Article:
The other aspect of inflation is construction costs, which are for some specific items now incredibly expensive compared with where they were before. The overall development costs are also faltering with new development. It will be fine for developments already underway with fixed price contracts.
One of the biggest questions on everyone's mind is related to the future of offices. How do you see their role in tomorrow's economy? How will the adaptation of flexible workforce management strategies impact demand and new supply?
In occupational markets in Europe, we have rising vacancy rates, but we also have rising levels of activity in every market, so you have got this strange dynamic at the moment. Offices will rebound strongly, but certainly, this hangover of vacancy in secondary offices will have an impact on rents in secondary locations.
It is part of our job to make the office appealing, while there is a role for corporates to increase the attractiveness of the office compared to two years ago. For instance, there are far fewer workstations and more common areas, isolated pods for a mix of online and physical operations.
Residential has become a mainstream investment product in Western Europe and we're seeing signs of similar trends in CEE. What are your projections for the development of this market segment?
The top two sectors on investor lists over the last two years have been logistics and multifamily described as the private rented sector (PRS). Previously, most pan-European investors did not consider residential as part of an institutional sector, except for Germany. Residential will continue to gather pace in the region. Romanians, for example, are homeowners, but so are the Brits and this whole tenanted segment has taken off because there are new generations of people. They have new approaches to just how they structure their lives financially.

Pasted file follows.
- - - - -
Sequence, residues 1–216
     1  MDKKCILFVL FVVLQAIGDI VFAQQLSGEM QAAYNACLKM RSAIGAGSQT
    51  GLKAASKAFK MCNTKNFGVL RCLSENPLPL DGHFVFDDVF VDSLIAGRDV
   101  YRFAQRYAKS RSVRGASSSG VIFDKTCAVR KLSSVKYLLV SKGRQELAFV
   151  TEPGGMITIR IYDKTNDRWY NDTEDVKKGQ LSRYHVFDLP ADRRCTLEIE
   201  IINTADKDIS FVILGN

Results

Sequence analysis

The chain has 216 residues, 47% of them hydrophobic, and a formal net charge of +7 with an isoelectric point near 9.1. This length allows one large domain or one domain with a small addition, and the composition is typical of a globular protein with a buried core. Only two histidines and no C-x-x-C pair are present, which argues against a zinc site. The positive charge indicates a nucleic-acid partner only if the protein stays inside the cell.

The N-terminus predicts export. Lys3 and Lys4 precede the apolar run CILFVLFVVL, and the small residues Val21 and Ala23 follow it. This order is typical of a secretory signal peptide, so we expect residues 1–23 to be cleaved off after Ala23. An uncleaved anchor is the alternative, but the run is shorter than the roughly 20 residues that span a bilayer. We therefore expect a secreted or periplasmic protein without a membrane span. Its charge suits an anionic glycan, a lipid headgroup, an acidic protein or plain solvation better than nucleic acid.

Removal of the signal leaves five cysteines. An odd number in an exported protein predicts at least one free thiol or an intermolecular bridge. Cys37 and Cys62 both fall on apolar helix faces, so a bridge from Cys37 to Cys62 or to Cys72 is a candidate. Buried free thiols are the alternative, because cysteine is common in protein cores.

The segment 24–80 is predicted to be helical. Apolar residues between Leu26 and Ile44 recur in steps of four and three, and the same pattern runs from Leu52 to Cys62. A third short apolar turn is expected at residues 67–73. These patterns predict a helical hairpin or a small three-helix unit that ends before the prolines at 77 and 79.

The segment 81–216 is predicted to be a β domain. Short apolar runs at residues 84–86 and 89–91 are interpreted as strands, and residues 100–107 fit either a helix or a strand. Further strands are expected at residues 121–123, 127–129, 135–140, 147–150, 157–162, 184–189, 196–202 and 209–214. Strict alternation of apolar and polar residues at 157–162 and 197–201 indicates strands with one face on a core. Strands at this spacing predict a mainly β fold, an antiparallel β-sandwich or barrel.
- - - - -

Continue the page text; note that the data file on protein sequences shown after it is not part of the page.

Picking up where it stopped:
ESG is obviously at the top of the agenda of every major real estate company. What's Knight Frank's strategy to increase its ESG compliance in Europe and the region?
The strategy is rather the same everywhere. On the corporate aspect, as good global citizens, we aim to achieve carbon zero targets by 2027 in Europe and by 2030 globally. We will be achieving this objective in some of our offices earlier.
Then there is the impact on real estate, and we have been doing a lot of research on this topic. For example, in our recent Active Capital document we talked about how if you genuinely have a proper green building, you have an impact on the initial yield and value. The premium can reach 8% in London and 12% in Sydney.
The sustainability consideration is now part of our valuations. It is now one of the first questions on every investor’s lips and has significant importance for occupiers. We have been building our ESG advisory team in London and we are adding new professionals in order to export the knowledge throughout Europe.
It is interesting that recently the investors themselves are bringing in-house sustainability advice. Most investors, particularly on the institutional end of the market, want to be doing the right thing. The challenge at this moment is how you benchmark what is a green building and there are different definitions from country to country. The sooner that we sort of collectively become clear and can benchmark it with a sort of more of a global index, the better. It may well be that each country continues with its own specific system, but that they, each of those indices, are approved by a European body.